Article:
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  1. The Wellborn Science: Eugenics in Germany, France, Brazil, and Russia.Mark B. Adams, William H. Schneider, Paul Weindling, Philip R. Reilly & Nicole Hahn Rafter - 1993 - Journal of the History of Biology 26 (1):131-145.
     
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  2.  26
    The History of Research on Blood Group Genetics: Initial Discovery and Diffusion.William H. Schneider - 1996 - History and Philosophy of the Life Sciences 18 (3):277 - 303.
    During the 1920s and 1930s the testing of blood groups for large numbers of people became a very common practice. Although much of this was to ensure compatibility for blood transfusion, over 1,000 articles were published with results of tests on over 1.3 million people to answer more theoretical, scientific questions. The motivation for much of this research was the possible link between the well established hereditary blood types and other possible inherited traits. Because the existence of the blood groups (...)
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    War, Philanthropy, and the National Institute of Hygiene in France.William H. Schneider - 2003 - Minerva 41 (1):1-23.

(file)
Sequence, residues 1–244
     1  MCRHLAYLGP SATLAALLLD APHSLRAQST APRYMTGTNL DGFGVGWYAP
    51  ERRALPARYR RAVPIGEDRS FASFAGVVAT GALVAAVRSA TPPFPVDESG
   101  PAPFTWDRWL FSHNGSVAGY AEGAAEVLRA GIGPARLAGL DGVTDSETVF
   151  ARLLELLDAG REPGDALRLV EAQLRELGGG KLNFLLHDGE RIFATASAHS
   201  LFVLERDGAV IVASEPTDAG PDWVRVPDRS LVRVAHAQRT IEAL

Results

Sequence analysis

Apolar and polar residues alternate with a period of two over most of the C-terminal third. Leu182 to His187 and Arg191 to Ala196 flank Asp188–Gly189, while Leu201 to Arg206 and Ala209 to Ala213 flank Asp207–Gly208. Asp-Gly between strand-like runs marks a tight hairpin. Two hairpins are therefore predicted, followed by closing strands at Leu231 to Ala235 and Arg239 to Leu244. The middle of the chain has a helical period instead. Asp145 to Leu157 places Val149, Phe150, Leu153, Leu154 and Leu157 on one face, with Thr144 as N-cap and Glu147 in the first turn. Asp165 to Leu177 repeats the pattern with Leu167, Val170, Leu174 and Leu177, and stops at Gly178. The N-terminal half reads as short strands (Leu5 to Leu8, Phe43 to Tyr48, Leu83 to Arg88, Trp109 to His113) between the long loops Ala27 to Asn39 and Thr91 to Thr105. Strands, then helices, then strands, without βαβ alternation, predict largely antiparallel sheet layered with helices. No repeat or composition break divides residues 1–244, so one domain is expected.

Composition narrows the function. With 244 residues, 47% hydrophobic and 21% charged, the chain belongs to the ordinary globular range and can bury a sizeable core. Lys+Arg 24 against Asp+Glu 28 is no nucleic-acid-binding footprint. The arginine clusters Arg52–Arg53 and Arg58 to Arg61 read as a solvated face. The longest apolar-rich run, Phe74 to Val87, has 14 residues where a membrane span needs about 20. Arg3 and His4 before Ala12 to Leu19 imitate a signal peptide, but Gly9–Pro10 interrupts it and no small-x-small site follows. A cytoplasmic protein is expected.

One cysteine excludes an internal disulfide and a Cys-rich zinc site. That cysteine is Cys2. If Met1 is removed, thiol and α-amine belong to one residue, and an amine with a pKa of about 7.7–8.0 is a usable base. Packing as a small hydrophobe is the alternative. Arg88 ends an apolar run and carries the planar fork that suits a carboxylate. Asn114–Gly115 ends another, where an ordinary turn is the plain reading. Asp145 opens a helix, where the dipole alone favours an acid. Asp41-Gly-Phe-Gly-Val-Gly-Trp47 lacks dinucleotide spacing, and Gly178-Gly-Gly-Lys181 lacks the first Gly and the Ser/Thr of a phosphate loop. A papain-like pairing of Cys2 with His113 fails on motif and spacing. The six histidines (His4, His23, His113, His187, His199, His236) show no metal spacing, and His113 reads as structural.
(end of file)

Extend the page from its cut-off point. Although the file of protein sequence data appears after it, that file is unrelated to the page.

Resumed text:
The Rockefeller Foundation helpedestablish two health research institutes inFrance during the German occupation and Vichyrule. These institutes were the precursors ofthe Institut National de Santé et de laRecherche Médicale (INSERM), the Frenchequivalent of the National Institutes of Healthin the United States. This essay rescues theseinstitutes from oblivion, and examines theirorigins and their significance.
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    The Model American Foundation Officer: Alan Gregg and the Rockefeller Foundation Medical Divisions. [REVIEW]William H. Schneider - 2003 - Minerva 41 (2):155-166.
    From 1919 to 1951, Alan Gregg and his mentor, Richard Pearce, directed the Medical Education and Medical SciencesDivisions of the Rockefeller Foundation. Although they oversaw the expenditure of millions of dollars, today they are forgotten. Yet, the system that Gregg administered became the model for the funding of biomedical research after the Second World War. This paper draws on the records of the Rockefeller Foundation to assess Gregg and his impact on biomedicine and philanthropy.
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